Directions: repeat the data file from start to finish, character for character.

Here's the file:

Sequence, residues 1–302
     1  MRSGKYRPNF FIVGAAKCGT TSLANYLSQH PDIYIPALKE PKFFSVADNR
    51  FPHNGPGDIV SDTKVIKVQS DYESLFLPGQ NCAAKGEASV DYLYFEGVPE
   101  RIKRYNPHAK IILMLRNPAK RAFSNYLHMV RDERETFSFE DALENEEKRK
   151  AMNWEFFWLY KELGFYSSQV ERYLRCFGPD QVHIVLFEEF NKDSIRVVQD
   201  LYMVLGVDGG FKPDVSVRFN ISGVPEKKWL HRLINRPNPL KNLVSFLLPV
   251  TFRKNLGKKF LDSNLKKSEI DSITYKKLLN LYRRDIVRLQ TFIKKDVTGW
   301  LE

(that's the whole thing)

Sequence, residues 1–302
     1  MRSGKYRPNF FIVGAAKCGT TSLANYLSQH PDIYIPALKE PKFFSVADNR
    51  FPHNGPGDIV SDTKVIKVQS DYESLFLPGQ NCAAKGEASV DYLYFEGVPE
   101  RIKRYNPHAK IILMLRNPAK RAFSNYLHMV RDERETFSFE DALENEEKRK
   151  AMNWEFFWLY KELGFYSSQV ERYLRCFGPD QVHIVLFEEF NKDSIRVVQD
   201  LYMVLGVDGG FKPDVSVRFN ISGVPEKKWL HRLINRPNPL KNLVSFLLPV
   251  TFRKNLGKKF LDSNLKKSEI DSITYKKLLN LYRRDIVRLQ TFIKKDVTGW
   301  LE